Decarbonising domestic heat is no longer a challenge that we can simply ignore. Currently, less than a quarter of a million of the UK’s 29 million homes have heat pumps. To hit the UK’s 2050 net zero targets, the 23 million homes that are still currently heated by gas will need to move to a low carbon alternative.
With climate change posing a fundamental threat to our planet, more and more homeowners are looking into the different low carbon alternatives available to us to heat and power our homes. If our warming planet isn’t enough to make the switch to greener heating more appealing, the increasing energy prices are making the temptation almost impossible to ignore.
Rightly so, making the switch from traditional fossil fuels to green heating can leave you with many questions and apprehensions. Ensuring that you are making the right decision for you and your home is crucial. Naturally, you will come across a whole host of misconceptions surrounding heat pumps that could put homeowners off switching to the new technology. We’ve debunked the most common myths about heat pumps below to help you separate the facts from the myths.
Myth 1: “Heat pumps are too expensive”
Whilst the average cost of a heat pump installation is more than a standard boiler installation, the financial incentive provided by the government provides a huge support in offsetting the installation cost. From April 2022, the government scheme offers homeowners £5000 for installing an air source heat pump and £6000 for installing a ground source heat pump. In addition to this, heat pumps have significantly lower running costs than outdated systems, meaning that you can save a huge amount of money a year – what’s not to like?
Myth 2: “Air source heat pumps are noisy”
Heat pumps do create some noise, however they are actually quieter than most fossil fuel boilers. The noise level of a heat pump is usually somewhere around 40 decibels, and just to provide some comparison, the level of noise in the average library is also around 40 decibels.
To comply with planning legislation, any noise from your heat pump must be less than 42 decibels at the middle point between your heat pump and your neighbour’s property. At the point of your heat pump installation, a member of our team will measure the noise levels in relation to your neighbours’ homes to ensure it complies.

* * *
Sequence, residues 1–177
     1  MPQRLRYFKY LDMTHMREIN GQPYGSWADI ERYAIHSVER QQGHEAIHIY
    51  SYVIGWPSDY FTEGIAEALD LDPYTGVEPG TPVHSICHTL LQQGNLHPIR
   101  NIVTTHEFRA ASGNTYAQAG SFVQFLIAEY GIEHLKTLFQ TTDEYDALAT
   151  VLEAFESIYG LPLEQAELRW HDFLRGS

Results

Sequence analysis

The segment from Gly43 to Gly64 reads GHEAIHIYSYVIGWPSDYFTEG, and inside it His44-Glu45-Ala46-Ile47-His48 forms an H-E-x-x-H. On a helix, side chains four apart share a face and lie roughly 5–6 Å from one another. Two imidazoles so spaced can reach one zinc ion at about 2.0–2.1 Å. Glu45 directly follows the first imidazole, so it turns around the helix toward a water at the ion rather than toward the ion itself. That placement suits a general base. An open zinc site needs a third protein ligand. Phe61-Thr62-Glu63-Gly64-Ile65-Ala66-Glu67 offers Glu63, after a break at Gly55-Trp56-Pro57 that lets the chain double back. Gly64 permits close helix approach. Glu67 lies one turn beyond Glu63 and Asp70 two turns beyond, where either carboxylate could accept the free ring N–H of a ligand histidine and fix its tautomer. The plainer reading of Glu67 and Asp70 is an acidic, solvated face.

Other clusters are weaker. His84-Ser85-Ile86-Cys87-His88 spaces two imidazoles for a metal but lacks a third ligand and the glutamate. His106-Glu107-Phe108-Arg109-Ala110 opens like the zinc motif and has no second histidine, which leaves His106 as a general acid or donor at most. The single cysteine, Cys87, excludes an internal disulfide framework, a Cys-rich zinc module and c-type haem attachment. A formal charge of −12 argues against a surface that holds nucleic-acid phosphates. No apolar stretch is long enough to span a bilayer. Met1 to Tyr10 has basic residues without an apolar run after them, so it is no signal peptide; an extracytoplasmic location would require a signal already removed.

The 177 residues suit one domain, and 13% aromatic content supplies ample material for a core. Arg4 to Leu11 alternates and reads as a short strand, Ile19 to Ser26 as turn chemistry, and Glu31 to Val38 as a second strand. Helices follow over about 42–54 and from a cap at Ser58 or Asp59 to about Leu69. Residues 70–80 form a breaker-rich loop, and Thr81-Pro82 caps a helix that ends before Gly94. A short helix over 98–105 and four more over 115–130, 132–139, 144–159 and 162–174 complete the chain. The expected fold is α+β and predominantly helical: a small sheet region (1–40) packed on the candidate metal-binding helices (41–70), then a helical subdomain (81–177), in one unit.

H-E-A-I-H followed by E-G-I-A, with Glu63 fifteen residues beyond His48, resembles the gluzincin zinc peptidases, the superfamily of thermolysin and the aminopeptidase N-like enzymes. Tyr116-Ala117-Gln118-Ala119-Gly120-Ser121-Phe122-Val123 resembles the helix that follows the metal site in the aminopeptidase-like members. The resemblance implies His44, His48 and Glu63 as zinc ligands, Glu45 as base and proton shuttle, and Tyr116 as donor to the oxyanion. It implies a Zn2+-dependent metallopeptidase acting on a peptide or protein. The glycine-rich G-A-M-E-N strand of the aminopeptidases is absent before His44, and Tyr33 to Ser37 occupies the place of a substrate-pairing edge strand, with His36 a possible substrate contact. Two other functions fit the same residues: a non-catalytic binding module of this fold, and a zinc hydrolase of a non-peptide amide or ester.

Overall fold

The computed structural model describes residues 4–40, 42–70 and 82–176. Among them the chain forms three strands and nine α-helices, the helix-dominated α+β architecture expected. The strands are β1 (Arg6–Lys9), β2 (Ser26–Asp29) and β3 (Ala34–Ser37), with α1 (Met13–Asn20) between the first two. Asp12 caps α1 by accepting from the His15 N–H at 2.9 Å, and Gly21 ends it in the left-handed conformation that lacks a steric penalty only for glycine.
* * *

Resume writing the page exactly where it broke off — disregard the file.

Myth 3: “Heat pumps are not powerful enough to heat my home in winter”
A ground source heat pump is capable of ensuring an efficiency rate that is consistent all year round, regardless of the outside weather conditions. Tests and studies also show that heat pumps can continue to work effectively in temperatures as low as -16°C, so this technology is suitable for locations with a colder climate. It’s also why more than 1.4 million households in Norway happily use air source heat pumps as their method of heating their homes.
Myth 4: “A heat pump cannot be installed in existing buildings”
Any heat generator, whether it may be a traditional boiler or heat pump, should be sized to the buildings heat loss. If a heat pump is being installed then they are sized to maintain the properties heat loss, at a predetermined flow and outside design temperature. So regardless of the building’s age, heat pump systems can be successfully installed in any building regardless of its age.
Whilst it is highly advisable that a building is well insulated before investing in a heat pump, the same should be said about a traditional boiler also as installation will help decrease your properties energy demand, therefore decreasing its running costs. There are many different methods of insulating a building such as loft insulation, wall insulation or double glazing to give just a few examples of the ways in which heat loss can be prevented.
Myth 5: “Heat pumps can be used for heating only”
A common misconception about heat pumps is that they create heat, and it may come as a surprise but this is in fact incorrect. Instead, heat pumps redistribute heat from the air or ground and use a refrigerant and compressor that circulates between the condenser which is connected to the space heating system and the evaporator which captures the heat from the air or ground. Most modern heat pumps are equipped with a reversing valve, meaning that they can also cool. When in cooling mode, this process is reversed, providing both heating during cooler months and cooling during hotter months (if used with underfloor heating or fan coil radiators)…all without burning any fossil fuels.
It’s no secret that we’re pretty passionate about renewable energy for a sustainable future. For expert advice and a discussion about how a heat pump in your establishment can help to work towards a greener future, get in touch with us on 01603 406052 for a chat with a friendly member of our team or fill out our “get a quote” website form and we will be in touch soon!